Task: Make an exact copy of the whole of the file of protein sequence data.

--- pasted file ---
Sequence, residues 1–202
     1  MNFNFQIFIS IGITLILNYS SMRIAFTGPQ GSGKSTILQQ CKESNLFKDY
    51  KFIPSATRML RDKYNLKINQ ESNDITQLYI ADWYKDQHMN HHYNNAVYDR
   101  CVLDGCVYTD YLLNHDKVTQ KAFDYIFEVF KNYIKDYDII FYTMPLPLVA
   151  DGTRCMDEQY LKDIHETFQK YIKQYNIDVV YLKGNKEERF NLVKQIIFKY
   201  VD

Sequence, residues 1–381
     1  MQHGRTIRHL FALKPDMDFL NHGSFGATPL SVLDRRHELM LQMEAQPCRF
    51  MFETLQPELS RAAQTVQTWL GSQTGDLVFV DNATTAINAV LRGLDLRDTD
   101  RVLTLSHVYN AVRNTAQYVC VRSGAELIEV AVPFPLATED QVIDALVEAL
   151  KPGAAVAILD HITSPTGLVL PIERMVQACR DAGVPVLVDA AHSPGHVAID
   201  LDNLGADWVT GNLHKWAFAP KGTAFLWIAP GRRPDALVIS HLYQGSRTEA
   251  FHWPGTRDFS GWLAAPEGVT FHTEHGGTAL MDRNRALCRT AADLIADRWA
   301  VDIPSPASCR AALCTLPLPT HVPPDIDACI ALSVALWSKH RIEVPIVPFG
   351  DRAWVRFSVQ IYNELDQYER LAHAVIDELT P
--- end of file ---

Sequence, residues 1–202
     1  MNFNFQIFIS IGITLILNYS SMRIAFTGPQ GSGKSTILQQ CKESNLFKDY
    51  KFIPSATRML RDKYNLKINQ ESNDITQLYI ADWYKDQHMN HHYNNAVYDR
   101  CVLDGCVYTD YLLNHDKVTQ KAFDYIFEVF KNYIKDYDII FYTMPLPLVA
   151  DGTRCMDEQY LKDIHETFQK YIKQYNIDVV YLKGNKEERF NLVKQIIFKY
   201  VD

Sequence, residues 1–381
     1  MQHGRTIRHL FALKPDMDFL NHGSFGATPL SVLDRRHELM LQMEAQPCRF
    51  MFETLQPELS RAAQTVQTWL GSQTGDLVFV DNATTAINAV LRGLDLRDTD
   101  RVLTLSHVYN AVRNTAQYVC VRSGAELIEV AVPFPLATED QVIDALVEAL
   151  KPGAAVAILD HITSPTGLVL PIERMVQACR DAGVPVLVDA AHSPGHVAID
   201  LDNLGADWVT GNLHKWAFAP KGTAFLWIAP GRRPDALVIS HLYQGSRTEA
   251  FHWPGTRDFS GWLAAPEGVT FHTEHGGTAL MDRNRALCRT AADLIADRWA
   301  VDIPSPASCR AALCTLPLPT HVPPDIDACI ALSVALWSKH RIEVPIVPFG
   351  DRAWVRFSVQ IYNELDQYER LAHAVIDELT P